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Friday, 10 September 2010 18:51

Gillard Cabinet: My two-bits worth

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In all the speculation about the likely make-up of the Gillard Cabinet, there is one sure thing: Stephen Conroy will retain the Communications portfolio. And that's a good thing for the sector, which will no doubt welcome the continuity.


That's just speculation on my part, of course.

But if ever there was a portfolio that needed the on-going attention of a successful Minister, it is Broadband, Communications and the Digital Economy. Senator Conroy has said publicly he wants to retain the portfolio, and there is nothing to suggest he hasn't earned that reward.

As much as Julia Gillard probably wants to keep things simple in this complex Parliament, you might reasonably expect Senator Conroy's portfolio to be expanded to include industry development for the IT sector - excising it from the industry portfolio.

There is too much at stake for an unwarranted change of leadership. The politics of broadband (which Conroy has shown himself to be a master) is as difficult now as it ever has been.

And the future of the National Broadband Network is still fraught.

The Gillard Government won't have its majority in the Senate until the middle of next year. And as doubtful as it will be that Stephen Conroy will want to offer Steve Fielding a last hurrah before he exits the Chamber, you can be sure that Government will want its reform bill passed as soon as possible.

There are Telstra negotiations to be completed. There are changed priorities in the roll-out of the NBN (stand-by for outer-metropolitan to be classified as regional in the out-to-in strategy.)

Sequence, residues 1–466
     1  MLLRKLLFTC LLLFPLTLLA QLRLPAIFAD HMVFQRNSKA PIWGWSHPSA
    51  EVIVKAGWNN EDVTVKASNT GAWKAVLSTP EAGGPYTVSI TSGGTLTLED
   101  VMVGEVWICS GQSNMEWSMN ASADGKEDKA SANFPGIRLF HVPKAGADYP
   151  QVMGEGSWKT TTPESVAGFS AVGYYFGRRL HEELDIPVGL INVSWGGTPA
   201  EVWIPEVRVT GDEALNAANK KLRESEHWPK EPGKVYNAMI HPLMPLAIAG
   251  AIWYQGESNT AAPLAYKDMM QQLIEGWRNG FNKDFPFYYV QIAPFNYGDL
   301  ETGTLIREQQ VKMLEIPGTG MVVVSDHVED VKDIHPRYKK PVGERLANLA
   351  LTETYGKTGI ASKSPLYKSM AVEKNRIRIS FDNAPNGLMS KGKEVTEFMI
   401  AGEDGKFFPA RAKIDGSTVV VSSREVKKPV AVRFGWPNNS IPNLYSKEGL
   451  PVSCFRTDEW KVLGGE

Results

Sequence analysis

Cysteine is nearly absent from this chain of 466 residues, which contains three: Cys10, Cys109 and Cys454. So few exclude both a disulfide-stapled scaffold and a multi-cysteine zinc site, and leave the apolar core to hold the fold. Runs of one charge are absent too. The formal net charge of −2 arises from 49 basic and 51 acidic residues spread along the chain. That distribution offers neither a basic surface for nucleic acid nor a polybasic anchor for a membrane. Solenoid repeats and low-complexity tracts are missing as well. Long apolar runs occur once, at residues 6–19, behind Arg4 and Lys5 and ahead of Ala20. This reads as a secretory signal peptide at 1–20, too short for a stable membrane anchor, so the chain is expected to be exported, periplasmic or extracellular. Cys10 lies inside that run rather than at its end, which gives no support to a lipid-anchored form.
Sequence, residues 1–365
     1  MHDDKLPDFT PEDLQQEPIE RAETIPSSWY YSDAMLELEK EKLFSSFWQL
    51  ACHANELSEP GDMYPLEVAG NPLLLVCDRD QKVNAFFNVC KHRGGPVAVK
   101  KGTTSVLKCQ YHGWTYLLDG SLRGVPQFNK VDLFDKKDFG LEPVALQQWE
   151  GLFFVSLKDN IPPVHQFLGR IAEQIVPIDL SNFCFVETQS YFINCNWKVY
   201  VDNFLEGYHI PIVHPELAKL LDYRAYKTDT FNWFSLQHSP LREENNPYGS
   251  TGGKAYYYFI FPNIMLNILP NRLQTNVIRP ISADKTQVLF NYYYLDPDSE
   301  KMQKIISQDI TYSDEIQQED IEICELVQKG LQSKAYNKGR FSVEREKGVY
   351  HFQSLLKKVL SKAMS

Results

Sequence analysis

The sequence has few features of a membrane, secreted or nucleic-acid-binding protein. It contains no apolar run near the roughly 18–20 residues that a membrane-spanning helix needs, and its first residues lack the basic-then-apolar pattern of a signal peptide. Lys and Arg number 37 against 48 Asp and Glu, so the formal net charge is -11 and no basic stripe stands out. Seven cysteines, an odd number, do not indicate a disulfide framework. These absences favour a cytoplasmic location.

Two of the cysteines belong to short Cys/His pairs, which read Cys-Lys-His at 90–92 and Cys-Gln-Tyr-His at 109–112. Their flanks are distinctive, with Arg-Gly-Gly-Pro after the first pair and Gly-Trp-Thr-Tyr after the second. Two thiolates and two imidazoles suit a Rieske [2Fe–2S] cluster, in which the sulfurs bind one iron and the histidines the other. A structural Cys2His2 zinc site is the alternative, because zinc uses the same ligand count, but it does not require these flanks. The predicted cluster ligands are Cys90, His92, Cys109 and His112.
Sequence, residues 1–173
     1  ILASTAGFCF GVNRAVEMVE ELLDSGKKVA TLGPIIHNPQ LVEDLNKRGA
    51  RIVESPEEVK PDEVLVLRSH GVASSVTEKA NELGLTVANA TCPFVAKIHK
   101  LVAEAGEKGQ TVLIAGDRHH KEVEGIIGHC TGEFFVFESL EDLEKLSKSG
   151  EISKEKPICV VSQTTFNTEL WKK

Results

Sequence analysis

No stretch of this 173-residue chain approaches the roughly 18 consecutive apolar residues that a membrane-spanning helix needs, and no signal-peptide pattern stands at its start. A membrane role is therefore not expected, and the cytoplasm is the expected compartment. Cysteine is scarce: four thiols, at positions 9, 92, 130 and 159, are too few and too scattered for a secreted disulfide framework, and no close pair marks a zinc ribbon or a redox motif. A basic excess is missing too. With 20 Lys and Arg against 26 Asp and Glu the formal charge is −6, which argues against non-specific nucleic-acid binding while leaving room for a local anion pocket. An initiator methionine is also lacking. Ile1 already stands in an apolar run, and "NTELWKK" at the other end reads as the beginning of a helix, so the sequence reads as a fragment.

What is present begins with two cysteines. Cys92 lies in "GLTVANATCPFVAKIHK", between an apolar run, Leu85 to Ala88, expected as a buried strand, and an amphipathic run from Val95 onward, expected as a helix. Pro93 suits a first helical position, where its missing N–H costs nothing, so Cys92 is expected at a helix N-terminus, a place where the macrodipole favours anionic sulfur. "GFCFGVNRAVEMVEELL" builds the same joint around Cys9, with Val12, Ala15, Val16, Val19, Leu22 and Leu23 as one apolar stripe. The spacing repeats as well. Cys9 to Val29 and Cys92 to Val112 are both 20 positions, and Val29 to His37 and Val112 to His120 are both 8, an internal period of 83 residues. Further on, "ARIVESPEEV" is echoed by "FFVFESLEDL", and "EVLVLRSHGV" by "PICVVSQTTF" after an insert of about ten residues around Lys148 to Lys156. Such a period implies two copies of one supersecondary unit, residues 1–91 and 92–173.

Keeping a Minister in a portfolio is not just about the Minister, obviously. Senator Conroy has a great team with deep experience in the sector. Consider that chief of staff Mark Tapley has been neck-deep in communications policy since forever.

It is unlikely that Senator Conroy will be left to the job himself, and will be given a Parliamentary Secretary or junior minister of some description.

With any luck, the Prime Minister will get ACT senator Kate Lundy off the bench and into the game, specifically to work on industry development issues for the tech sector.

There is nothing to suggest that this will happen, given Julia Gillard has a bunch of people pushing for promotions. But she could do a lot worse.

Ideally industry development for the sector should be moved to Stephen Conroy's portfolio - if only because so much of that development will be leveraged from the NBN infrastructure.

But if it's not, then Kate Lundy should be given a slot in Kim Carr's ministry to take charge of IT. Because Kim Carr has been disinterested and ineffective in relation to the tech sector. Frankly, it's time for Senator Carr to step back.

As for the other side of the aisle, Tony Abbott is expected to keep his front bench relatively unchanged. But it would be strange indeed if Tony Smith were to keep his shadow communications role.

Regardless of what you might have thought about the Coalition communications policy at the election (and I thought it was poorly thought-out), you couldn't fail to notice how badly Mr Smith seemed to understand the issues, given how long he had the portfolio.

Communications is a tough gig, a very tough gig. And Mr Smith was found out.

During the campaign, the most effective spokesman on communications issues - by a country mile - was Malcolm Turnbull, and I hope he is given the role permanently.

Broadband will continue to be one of the central issues of the next Parliament, and operating in the lower house Mr Turnbull could be devastatingly effective and raise the level of debate.

Lindsay Tanner is no longer there to represent Senator Conroy in the lower house, and that's a blow. Given the profile of broadband for the coming Parliament, I hope Julia Gillard takes the role herself. Turnbull V Gillard would make for some fabulous Question Times.

Meanwhile, the Greens' communications spokesman remains the West Australian senator Scott Ludlam. This is also a good thing.

He has some years experience in the portfolio now. And anyone who saw the debate at the National Press Club will have been impressed at his contribution - coming across as the voice of reason on the most controversial of issues.

 

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